Rich Port*, the 1970 president of the National Association of Real Estate Boards, was the first of a new breed of Association leaders who knew instinctively that the decade of the 1970s was the time for REALTORS® to become aggressive in the political arena and to raise their professional profile before the general public.
One of the most important goals of his administration was the promotion of the REALTORS® Political Action Committee (RPAC). Formally organized in 1969, RPAC named Mr. Port its first lifetime member.
Equally important to Mr. Port were the image and status of REALTORS® and protection of the term REALTOR® both as trademark and a symbol of integrity, professionalism and dedication to a strict code of ethics.
Mr. Port’s enthusiasm for the REALTOR® identification knew no bounds. After a long campaign, the 1969 edition of Webster’s International Unabridged Dictionary corrected the listing of the term REALTOR®. That edition, and all subsequent ones, defined REALTOR® as a collective trademark used for members of the National Association, and not a generic term interchangeable with real estate broker.
Mr. Port saw the need to make the public aware of what a REALTOR® was and what the Association stood for. He believed the best way to gain attention was through a media marketing campaign utilizing a well-known personality as a spokesperson. Popular movie and television star Laraine Day was chosen and an intense media campaign was mounted behind her.
“Make America Better” was the REALTOR® program chosen to represent NAR’s efforts on behalf of American homeowners and Miss Day appeared on many major television shows promoting it. Mr. Port felt that civic and community involvement added “a new dimension to the term REALTOR®.”
A champion of free enterprise and patriotism, Mr. Port was convinced that free enterprise is one of our most priceless possessions. “Our flag represents man’s most noble dream and patriotism is a solidly based virtue,” he said.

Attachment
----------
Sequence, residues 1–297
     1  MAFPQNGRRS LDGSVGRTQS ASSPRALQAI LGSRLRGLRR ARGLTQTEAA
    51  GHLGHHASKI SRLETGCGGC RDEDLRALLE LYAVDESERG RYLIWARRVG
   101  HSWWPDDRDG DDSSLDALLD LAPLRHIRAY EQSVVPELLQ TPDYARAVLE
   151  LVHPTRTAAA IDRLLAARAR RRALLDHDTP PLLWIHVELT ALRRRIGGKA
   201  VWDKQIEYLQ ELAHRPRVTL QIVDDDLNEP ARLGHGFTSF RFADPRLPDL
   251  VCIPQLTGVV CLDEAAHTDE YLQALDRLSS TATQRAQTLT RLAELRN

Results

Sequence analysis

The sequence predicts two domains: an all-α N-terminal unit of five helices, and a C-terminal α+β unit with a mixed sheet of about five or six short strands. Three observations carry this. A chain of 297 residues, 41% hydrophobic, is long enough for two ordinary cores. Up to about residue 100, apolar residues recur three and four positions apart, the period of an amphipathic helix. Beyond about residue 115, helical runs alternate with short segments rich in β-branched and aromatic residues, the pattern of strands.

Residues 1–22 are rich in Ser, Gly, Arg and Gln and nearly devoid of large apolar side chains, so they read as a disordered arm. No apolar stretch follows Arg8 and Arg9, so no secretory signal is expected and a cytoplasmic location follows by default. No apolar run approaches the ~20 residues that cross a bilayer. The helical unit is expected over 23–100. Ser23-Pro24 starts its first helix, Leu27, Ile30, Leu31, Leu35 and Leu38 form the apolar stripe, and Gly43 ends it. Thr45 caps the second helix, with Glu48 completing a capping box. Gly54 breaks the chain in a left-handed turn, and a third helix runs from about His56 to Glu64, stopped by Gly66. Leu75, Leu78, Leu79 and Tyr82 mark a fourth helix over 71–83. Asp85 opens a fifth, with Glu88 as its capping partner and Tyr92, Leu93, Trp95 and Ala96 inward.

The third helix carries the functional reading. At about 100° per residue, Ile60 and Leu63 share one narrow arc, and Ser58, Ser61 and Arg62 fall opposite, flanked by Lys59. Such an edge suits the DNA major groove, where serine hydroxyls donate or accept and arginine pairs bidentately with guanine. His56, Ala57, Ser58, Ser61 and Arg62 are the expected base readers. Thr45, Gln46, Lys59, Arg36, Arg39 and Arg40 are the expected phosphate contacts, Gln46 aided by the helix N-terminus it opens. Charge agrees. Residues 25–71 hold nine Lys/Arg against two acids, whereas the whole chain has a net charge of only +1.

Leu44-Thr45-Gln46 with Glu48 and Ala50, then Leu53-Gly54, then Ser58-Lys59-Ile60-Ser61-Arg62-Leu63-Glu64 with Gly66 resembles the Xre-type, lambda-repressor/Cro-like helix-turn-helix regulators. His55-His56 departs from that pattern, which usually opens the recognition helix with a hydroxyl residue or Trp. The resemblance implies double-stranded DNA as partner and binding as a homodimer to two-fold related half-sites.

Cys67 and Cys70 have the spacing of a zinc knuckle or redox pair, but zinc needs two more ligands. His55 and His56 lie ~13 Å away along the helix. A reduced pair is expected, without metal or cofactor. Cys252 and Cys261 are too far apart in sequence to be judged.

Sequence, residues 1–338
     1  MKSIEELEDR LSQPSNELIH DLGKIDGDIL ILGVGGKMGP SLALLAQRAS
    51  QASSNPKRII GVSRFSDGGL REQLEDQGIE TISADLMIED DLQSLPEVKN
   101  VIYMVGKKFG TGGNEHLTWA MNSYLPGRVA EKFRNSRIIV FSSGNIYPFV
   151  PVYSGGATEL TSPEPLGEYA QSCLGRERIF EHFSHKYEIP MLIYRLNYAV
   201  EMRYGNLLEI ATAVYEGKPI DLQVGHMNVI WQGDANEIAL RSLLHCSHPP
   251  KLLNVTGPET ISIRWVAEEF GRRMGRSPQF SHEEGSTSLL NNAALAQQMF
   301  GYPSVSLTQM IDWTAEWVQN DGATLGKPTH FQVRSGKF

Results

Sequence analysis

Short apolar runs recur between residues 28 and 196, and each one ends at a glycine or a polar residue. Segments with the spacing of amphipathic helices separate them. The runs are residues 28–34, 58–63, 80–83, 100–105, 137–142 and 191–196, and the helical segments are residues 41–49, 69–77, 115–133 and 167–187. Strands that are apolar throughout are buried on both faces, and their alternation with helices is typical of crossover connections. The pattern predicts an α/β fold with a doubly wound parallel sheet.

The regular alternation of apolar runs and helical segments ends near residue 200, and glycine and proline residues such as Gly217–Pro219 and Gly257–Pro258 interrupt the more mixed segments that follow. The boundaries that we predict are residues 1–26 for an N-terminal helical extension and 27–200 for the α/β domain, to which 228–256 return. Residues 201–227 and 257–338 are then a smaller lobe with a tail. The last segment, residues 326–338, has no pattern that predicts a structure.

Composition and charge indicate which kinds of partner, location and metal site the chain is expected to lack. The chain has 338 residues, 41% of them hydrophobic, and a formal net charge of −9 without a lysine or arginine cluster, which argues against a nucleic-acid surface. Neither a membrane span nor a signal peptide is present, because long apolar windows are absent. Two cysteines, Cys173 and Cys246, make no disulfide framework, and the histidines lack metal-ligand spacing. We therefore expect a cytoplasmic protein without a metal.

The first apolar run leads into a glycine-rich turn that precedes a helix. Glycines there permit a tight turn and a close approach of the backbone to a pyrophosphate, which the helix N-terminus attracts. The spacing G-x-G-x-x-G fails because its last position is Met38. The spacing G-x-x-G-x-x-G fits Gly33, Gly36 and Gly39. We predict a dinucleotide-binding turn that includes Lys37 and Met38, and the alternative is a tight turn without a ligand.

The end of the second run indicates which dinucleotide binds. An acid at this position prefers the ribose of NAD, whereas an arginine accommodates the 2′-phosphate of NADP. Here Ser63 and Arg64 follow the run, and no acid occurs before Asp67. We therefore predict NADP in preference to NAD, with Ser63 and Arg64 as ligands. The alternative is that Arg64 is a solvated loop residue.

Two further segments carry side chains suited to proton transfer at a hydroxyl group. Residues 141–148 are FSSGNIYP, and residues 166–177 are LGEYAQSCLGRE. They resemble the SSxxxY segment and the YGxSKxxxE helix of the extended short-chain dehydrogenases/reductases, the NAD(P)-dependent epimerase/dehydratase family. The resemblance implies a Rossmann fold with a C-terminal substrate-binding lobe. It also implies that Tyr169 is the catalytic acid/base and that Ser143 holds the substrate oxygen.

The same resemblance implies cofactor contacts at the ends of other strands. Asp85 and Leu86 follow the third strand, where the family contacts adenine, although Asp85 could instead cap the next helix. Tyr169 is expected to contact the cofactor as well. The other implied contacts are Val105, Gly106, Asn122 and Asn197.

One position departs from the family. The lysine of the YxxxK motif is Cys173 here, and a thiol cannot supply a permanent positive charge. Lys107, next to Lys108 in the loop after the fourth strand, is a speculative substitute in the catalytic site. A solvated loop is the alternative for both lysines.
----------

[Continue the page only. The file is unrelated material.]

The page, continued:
He saw to it that REALTORS® took a leadership role in the fight against environmental pollution. Under his presidency, NAR offered assistance to local boards in combating pollution because “REALTORS®’ daily concern is the land and the environment of which it is a part…”
Opposing excessive government spending at all levels, Mr. Port accused the Nixon Administration of bringing the real estate industry to its knees. “The tortured economic and sociological philosophies of recent years have developed a grab-borrow-and-spend psychosis resulting in insatiable inflation,” he added.
Mr. Port saw the need for savings incentives and felt that it was essential that the nation develop a means of increasing savings not only as a source of capital for home financing, but also to “withdraw funds from the escalating stream of spending.” He proposed that a share of the interest from savings accounts be tax free.
Mr. Port recognized that elevation of the image of REALTORS® could best be served by raising the standards through education. This penchant for education resulted in numerous articles for several real estate publications aimed at improving REALTORS®’ ability to serve their clients. As further evidence of his belief in education, he was the founder and dean of the REALTORS® Institute of Illinois.
Mr. Port, a Chicago native, was chairman of Rich Port, REALTORS® in La Grange, Ill. He was recognized as one of America’s “Ten Greatest Salesmen” in Robert Shook’s 1978 book of the same name. He was also a past president of the American Chapter, International Real Estate Federation (FIABCI-USA).
Mr. Port attended Western Military Academy, the University of Illinois, and St. Norbert College.
Source: Presidents of the National Association of REALTORS®, (Chicago: NAR, 1980).